Davis expected to start three-week stay with Red Wings today

Orioles notebook

June 01, 1993|By Peter Schmuck | Peter Schmuck,Staff Writer

OAKLAND, CALIF — OAKLAND, Calif. -- First baseman Glenn Davis is expected to join the Triple-A Rochester Red Wings today in Charlotte, N.C., where he will begin a three-week stay in the minor leagues.

Davis accepted an assignment to the Red Wings on Thursday, but was given several days to report. He apparently will arrive there today, pending a final conversation with general manager Roland Hemond.

The assignment was voluntary. Hemond and assistant general man- ager Frank Robinson met with Davis over a three-day period in New York last week to work out the details. They gave him a written guarantee that he would be brought back to the majors after he appeared in 20 games at the Triple-A level.

Club president Larry Lucchino, who joined the team in Oakland, applauded Hemond and Robinson for their handling of the Davis situation.

"I think Roland and Frank did a great job handling that," he said.

Hemond, he said, has such a sincere approach with players that he is the perfect guy to sell a struggling veteran on something unpleasant that might be for his own good.

"He's such an honest and decent guy, when he gives advice of this type it has a real credibility," Lucchino said.

Hemond said last week that Davis had agreed to the assignment, but indicated there would be one more conversation with Davis before he departed. Hemond, who was involved in draft meetings yesterday, said he would talk to Davis late last night or early today, but club officials indicated they did not expect a change of plans.

"It is my understanding he'll be in Charlotte tomorrow," Lucchino said.

Cheap shot?

When discussing the importance of players taking an occasional day off when his son, Barry, did just that last Thursday, San Francisco Giants hitting coach Bobby Bonds took a shot at Orioles shortstop Cal Ripken for his obsession with playing every inning of every game.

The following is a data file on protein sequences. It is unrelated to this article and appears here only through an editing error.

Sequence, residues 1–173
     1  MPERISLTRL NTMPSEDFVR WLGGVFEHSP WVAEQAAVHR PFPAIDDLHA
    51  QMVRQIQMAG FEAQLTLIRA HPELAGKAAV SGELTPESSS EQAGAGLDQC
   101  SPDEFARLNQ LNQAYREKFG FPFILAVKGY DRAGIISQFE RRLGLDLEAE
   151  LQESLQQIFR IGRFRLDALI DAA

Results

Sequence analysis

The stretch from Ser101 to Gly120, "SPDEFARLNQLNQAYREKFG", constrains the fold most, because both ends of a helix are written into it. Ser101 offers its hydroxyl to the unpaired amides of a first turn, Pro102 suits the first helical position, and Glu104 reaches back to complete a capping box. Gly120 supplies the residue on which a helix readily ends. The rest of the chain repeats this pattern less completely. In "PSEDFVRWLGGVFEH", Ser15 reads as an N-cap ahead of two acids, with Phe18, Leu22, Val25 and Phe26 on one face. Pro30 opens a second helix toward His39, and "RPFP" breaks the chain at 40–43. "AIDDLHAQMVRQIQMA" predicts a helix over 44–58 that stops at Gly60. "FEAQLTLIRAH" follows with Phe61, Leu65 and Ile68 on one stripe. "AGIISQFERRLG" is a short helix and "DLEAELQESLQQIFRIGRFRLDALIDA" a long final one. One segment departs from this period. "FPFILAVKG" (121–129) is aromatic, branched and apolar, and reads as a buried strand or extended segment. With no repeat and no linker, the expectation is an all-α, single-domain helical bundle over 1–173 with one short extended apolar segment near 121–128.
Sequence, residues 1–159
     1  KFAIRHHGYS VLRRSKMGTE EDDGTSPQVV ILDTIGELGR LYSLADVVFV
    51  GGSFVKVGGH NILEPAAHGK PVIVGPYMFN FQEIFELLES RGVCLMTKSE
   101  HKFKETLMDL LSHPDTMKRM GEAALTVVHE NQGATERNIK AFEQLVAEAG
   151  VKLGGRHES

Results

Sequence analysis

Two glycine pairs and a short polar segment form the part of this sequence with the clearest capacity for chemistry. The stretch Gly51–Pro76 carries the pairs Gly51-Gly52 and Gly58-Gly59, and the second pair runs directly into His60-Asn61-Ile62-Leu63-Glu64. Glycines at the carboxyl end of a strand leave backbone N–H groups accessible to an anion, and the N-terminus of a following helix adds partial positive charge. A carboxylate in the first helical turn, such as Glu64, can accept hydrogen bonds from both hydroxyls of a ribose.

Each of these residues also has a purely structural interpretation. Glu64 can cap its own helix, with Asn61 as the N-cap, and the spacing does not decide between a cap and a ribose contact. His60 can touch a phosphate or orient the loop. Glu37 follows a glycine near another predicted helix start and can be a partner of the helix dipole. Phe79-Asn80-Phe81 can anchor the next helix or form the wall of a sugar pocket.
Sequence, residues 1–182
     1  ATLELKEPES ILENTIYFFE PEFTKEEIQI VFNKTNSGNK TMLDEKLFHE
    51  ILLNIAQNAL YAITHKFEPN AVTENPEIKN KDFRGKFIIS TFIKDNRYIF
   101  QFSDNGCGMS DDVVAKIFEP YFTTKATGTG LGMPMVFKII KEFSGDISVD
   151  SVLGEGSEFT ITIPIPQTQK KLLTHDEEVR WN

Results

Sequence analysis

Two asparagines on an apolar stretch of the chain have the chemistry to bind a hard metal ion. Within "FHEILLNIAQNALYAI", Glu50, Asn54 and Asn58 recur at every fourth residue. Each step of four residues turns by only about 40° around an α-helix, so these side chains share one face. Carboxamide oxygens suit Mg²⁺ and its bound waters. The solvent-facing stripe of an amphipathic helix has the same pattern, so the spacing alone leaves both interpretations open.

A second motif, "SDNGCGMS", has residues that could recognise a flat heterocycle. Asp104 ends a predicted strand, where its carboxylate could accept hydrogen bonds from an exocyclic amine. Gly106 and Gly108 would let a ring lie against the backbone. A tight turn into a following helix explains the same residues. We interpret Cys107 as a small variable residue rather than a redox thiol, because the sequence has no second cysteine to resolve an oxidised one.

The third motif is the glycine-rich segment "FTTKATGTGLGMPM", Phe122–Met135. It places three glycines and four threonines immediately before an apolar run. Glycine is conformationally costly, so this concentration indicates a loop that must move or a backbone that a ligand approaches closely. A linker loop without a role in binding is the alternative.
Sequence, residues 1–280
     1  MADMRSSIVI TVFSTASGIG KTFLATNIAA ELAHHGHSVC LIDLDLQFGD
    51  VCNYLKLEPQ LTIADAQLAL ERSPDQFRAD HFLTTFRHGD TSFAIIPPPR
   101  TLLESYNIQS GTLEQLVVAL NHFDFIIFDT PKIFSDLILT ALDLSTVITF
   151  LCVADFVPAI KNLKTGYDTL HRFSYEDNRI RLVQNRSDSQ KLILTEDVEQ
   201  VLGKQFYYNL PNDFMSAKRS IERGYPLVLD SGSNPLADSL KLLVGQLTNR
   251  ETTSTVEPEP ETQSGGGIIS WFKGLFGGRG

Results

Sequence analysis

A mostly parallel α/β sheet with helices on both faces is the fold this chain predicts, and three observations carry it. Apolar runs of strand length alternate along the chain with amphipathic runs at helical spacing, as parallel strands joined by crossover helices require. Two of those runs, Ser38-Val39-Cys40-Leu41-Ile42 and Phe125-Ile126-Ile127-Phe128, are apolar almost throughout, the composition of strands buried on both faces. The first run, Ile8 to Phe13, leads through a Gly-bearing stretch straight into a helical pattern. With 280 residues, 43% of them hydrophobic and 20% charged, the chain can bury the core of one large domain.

"That's idiotic. If I were his manager, he'd be out of there. He's hurting the team and showing that personal goals are more important. He wants to break Lou Gehrig's record even if it'll cost Baltimore the pennant."

Ripken responded diplomatically, but it was obvious the criticism stung.

"Everyone is entitled to their opinion," he said. "That doesn't mean it's fact. It's not a one-man game. It's a team sport. In '91 I couldn't have done any more than I did and we finished fifth or sixth. If I was the key to this team winning the pennant, we'd have won it in '91."


Oakland third baseman Kevin Seitzer did not commit an error in his first 30 games this season, but the throwing error he was charged with in the first inning was his seventh error in the past six games.

Baines returns to Oakland

The sign was out in right field. The Harold Baines rooting section ("Baines Boyz") was back in business for the first visit by the veteran designated hitter since he left the A's last year for free agency.

Baines, however, could not make his return triumphant. He struck out his first two times up and went hitless in four at-bats.

Weekend in review

The Orioles' pitching staff did not distinguish itself iAnaheim, where the California Angels swept a series from the Orioles for the first time since 1978. In 24 innings of work, Orioles pitchers gave up 29 hits, 16 walks and raised the team ERA from 3.86 to 4.06. The bullpen allowed all five inherited runners to score.

Incidentally, the Orioles outhit the Angels in the series, 30-29, but were outscored, 21-12.

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